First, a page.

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Can minimum wages cause a big push? Evidence from Indonesia

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  • Magruder, Jeremy R.

Abstract

Big Push models suggest that local product demand can create multiple labor market equilibria: one featuring high wages, formalization, and high demand and one with low wages, informality, and low demand. I demonstrate that minimum wages may coordinate development at the high wage equilibrium. Using data from 1990s Indonesia, where minimum wages increased in a varied way, I develop a difference in spatial differences estimator which weakens the common trend assumption of difference in differences. Estimation reveals strong trends in support of a big push: formal employment increases and informal employment decreases in response to the minimum wage. Local product demand also increases, and this formalization occurs only in the non-tradable, industrializable industries suggested by the model (while employment in tradable and non-industrializable industries also conforms to model predictions).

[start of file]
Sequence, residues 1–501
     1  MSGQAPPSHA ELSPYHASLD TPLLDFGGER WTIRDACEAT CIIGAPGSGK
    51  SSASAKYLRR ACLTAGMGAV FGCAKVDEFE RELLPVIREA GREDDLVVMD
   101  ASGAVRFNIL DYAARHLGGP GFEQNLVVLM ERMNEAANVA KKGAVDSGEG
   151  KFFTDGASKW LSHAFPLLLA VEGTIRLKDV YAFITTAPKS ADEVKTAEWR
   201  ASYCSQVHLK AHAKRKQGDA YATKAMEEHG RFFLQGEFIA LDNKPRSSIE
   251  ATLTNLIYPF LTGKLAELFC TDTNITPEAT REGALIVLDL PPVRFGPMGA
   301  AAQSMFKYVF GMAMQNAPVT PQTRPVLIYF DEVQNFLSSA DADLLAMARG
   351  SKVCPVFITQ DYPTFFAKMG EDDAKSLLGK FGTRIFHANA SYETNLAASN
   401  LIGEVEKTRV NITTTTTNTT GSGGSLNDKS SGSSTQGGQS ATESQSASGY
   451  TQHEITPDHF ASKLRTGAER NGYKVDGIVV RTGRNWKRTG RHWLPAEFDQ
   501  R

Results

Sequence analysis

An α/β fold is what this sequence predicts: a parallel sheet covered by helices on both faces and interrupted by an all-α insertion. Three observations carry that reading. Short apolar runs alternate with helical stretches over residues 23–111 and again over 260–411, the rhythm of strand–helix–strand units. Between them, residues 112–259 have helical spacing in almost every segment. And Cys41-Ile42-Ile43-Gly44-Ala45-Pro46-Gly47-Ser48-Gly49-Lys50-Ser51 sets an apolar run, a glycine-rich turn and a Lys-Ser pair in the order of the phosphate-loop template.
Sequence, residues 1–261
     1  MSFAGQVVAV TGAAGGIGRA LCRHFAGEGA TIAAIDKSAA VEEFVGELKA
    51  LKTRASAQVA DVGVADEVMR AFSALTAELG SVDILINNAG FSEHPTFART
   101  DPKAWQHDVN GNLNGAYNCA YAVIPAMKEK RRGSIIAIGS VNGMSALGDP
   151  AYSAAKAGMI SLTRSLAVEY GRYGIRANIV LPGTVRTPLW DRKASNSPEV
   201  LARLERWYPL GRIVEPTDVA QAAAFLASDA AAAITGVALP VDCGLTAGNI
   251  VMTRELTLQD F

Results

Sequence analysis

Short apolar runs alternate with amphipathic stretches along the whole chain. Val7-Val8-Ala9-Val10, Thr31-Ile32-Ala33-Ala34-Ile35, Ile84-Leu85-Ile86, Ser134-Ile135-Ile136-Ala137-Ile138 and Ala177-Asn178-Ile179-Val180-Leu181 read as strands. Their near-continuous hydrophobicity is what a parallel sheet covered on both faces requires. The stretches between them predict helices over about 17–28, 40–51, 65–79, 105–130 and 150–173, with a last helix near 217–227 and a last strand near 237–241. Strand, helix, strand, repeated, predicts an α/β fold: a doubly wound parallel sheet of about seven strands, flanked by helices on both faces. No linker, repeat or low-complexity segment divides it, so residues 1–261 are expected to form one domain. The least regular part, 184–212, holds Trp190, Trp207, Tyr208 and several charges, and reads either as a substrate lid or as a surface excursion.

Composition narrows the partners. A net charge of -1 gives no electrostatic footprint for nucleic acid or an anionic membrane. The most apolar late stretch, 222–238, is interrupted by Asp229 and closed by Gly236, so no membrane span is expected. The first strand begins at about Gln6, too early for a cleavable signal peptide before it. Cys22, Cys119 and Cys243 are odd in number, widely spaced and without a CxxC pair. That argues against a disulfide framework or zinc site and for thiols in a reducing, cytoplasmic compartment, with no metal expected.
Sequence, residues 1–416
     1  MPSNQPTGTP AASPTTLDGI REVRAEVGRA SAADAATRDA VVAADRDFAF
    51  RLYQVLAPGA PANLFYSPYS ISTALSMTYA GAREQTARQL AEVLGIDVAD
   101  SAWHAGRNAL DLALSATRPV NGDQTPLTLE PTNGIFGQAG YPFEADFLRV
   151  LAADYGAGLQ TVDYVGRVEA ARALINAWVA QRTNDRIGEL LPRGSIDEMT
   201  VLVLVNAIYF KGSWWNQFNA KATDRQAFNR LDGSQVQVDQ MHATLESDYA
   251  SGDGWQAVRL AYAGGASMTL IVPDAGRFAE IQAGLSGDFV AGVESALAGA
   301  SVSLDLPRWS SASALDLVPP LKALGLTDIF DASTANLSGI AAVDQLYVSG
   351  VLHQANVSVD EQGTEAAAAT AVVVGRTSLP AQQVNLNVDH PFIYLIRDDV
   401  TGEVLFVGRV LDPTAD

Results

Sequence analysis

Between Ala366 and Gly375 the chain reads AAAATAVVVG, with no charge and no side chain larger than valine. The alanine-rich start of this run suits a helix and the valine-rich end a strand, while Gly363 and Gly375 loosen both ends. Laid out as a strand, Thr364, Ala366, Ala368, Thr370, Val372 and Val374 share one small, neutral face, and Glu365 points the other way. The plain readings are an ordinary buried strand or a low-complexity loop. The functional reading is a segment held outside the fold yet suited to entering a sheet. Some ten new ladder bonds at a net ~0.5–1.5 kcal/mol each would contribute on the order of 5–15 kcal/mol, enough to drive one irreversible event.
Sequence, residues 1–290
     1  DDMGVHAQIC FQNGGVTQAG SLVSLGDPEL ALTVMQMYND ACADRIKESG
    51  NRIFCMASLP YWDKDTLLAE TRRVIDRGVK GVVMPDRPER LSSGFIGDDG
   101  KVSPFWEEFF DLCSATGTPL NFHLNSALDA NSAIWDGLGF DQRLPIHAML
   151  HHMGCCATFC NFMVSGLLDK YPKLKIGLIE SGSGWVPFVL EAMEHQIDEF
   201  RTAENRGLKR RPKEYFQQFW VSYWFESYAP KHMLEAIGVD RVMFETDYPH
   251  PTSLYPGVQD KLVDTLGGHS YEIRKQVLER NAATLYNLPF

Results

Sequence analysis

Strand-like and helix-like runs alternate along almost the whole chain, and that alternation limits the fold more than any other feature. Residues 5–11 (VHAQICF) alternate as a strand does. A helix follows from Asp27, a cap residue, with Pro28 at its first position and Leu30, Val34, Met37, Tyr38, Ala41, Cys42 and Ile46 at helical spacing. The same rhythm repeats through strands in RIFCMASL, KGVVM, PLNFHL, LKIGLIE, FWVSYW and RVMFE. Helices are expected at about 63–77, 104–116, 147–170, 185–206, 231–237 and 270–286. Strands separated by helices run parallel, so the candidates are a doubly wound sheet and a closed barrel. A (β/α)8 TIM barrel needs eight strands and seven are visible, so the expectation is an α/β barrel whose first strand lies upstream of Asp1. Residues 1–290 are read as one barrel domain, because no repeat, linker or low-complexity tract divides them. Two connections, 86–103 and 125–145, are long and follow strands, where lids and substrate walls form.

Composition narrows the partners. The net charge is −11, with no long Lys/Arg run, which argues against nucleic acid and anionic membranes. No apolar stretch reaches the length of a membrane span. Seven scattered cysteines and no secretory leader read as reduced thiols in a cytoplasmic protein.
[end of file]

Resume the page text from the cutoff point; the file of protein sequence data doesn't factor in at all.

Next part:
Suggested Citation

  • Magruder, Jeremy R., 2013. "Can minimum wages cause a big push? Evidence from Indonesia," Journal of Development Economics, Elsevier, vol. 100(1), pages 48-62.
  • Handle: RePEc:eee:deveco:v:100:y:2013:i:1:p:48-62
    DOI: 10.1016/j.jdeveco.2012.07.003
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    More about this item

    Keywords

    Minimum wage; Big push; Spatial regression discontinuity;

    JEL classification:

    • O1 - Economic Development, Innovation, Technological Change, and Growth - - Economic Development
    • J8 - Labor and Demographic Economics - - Labor Standards

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